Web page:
Date: January 30, 2018
The response to Noble’s restructuring proposal has been one of disappointment by shareholders and noteholders. Understandably, the gripe is due to the steep cut in the shareholding and the unusual treatment accorded to the Management.
We note that Noble has reached in-principle agreement with an ad hoc group of the Group’s senior creditors for a restructuring of the Group’s existing debts which would help to facilitate its business viability. It has taken some time for this news by Noble Group.
However, the proposed debt-to-equity swap will result in a steep dilution of existing shareholders’ interest post-restructuring. In contrast to Noble’s management team, who would ultimately own 20% of the new company to be formed as part of the restructuring, existing shareholders would only own 10%, half of the shares to be given to management. Why? It would be no exaggeration to say that the bondholders would also be not happy with the debt-to-equity swap. Nevertheless, management will be given their first 10%, same as existing shareholders, on the restructuring effective date without any consideration and with no KPIs. The second 10% to management will be funded by creditors, interest-free for five years.
Creditors and shareholders would be scratching their heads as to why the special treatment for the management. What is the basis for the special treatment of the management? There is a perception amongst shareholders and creditors that the management should take responsibility for the current predicament of the company. What is their pain? On the other hand, what is the alternative, maybe liquidation?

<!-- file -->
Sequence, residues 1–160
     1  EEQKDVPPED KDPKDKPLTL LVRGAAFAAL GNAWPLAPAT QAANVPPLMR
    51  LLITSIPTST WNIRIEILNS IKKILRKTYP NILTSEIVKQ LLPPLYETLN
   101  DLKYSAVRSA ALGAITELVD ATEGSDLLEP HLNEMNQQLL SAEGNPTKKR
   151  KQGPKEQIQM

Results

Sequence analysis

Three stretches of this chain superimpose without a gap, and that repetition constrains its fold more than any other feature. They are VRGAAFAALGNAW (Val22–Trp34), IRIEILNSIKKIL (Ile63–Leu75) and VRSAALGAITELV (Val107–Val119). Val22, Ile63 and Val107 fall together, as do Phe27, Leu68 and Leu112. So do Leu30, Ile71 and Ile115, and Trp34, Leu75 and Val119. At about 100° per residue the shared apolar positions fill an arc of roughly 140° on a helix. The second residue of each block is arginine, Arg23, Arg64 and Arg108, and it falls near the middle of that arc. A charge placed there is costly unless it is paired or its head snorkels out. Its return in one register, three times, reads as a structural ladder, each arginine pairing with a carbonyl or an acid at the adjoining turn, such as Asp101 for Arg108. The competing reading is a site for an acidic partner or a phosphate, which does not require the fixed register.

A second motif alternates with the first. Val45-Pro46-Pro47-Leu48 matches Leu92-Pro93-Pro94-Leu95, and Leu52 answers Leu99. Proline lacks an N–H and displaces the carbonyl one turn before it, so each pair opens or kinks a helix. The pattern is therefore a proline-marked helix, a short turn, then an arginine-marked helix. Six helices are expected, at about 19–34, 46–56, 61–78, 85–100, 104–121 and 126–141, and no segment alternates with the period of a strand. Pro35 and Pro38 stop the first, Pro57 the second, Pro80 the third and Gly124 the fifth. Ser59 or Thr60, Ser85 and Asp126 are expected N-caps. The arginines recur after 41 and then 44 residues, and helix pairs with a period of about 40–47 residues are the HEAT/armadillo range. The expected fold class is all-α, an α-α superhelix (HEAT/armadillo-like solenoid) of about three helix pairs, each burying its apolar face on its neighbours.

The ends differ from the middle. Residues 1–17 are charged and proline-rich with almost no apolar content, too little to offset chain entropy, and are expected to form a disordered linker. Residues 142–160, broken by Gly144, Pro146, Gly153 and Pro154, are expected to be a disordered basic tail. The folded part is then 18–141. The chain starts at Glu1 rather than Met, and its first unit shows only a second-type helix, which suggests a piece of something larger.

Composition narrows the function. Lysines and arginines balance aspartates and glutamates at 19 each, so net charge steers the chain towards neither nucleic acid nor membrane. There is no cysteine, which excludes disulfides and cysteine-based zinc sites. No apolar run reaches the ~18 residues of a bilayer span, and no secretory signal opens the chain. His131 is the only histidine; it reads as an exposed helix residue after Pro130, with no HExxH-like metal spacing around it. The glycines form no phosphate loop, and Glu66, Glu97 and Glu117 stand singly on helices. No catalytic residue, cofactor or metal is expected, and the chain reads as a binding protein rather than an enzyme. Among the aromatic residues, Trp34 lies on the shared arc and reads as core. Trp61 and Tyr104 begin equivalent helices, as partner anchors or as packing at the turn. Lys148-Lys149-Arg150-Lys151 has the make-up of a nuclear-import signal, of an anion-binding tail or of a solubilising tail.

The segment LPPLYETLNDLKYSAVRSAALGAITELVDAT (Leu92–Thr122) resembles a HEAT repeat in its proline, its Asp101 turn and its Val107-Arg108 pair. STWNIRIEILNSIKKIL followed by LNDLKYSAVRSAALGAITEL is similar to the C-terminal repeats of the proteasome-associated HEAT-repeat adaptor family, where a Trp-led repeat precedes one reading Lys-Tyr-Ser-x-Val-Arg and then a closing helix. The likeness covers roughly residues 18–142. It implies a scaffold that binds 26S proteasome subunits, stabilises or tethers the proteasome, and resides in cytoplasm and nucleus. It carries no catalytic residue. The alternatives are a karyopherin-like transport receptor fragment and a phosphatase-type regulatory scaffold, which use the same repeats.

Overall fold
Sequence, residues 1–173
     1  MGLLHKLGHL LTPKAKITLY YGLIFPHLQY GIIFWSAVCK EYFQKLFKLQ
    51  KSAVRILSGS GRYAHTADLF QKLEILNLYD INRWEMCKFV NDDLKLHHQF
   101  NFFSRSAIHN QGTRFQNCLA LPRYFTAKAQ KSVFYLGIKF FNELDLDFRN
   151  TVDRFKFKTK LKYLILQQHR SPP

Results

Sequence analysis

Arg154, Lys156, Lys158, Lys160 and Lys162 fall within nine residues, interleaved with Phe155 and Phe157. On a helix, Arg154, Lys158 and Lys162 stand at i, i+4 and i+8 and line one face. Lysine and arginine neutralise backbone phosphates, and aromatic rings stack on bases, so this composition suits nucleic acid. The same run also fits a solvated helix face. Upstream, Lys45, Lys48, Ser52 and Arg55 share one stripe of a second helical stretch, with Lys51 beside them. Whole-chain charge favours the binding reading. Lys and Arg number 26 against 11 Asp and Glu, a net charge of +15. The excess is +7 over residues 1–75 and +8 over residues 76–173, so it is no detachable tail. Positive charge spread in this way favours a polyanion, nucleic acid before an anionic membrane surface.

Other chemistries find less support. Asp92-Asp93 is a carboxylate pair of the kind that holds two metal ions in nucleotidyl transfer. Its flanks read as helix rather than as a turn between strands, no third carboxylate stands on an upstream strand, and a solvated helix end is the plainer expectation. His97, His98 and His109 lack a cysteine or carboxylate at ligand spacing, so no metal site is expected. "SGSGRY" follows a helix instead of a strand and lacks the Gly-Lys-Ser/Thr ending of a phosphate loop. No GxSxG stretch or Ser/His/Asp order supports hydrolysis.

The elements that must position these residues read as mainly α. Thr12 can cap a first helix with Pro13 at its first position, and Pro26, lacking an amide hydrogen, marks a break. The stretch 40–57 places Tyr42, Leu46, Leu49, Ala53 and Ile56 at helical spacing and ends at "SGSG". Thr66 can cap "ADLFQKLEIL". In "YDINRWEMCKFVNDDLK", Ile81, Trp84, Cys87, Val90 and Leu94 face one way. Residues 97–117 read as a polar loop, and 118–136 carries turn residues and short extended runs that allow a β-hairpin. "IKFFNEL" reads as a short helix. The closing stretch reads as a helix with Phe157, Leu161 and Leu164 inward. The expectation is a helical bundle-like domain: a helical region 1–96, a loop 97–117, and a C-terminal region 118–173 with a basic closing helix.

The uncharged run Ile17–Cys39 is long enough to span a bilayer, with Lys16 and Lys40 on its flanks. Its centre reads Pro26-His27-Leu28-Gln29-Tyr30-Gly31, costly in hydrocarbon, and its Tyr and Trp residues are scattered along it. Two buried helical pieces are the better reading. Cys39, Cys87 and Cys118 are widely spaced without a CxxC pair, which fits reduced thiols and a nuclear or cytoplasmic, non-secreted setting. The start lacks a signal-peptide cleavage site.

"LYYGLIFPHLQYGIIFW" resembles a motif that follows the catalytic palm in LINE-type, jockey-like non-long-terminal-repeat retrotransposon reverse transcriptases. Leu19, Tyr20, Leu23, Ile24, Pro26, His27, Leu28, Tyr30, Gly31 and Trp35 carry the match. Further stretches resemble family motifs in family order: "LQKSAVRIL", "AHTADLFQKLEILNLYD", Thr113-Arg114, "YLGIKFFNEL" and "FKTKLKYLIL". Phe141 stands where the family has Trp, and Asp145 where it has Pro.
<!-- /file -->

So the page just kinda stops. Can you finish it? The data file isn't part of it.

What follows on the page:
Shareholders cannot be blamed, if they believe, this proposal is unfair and grossly disadvantageous to them, many of whom have been patient and have suffered the woes of the Noble Group for the past few years. Why couldn’t the restructuring offer existing shareholders a similar deal as that to management?
It appears that Noble’s board is clearing the way for strategic investor who will be expected to put in the dollars. However, there are questions that are worrying shareholders. For instance, what is the return for shareholders, surely there will be further dilution, they feel, notwithstanding the upside for them in such an event.
We urge the Noble Board to communicate the answers to the above questions lingering in the minds of bondholders and shareholders who seriously are questioning the restructuring proposal and are hoping to get a more equitable share of the already diminished and diluted group.
Founder, President & CEO
Securities Investors Association (Singapore)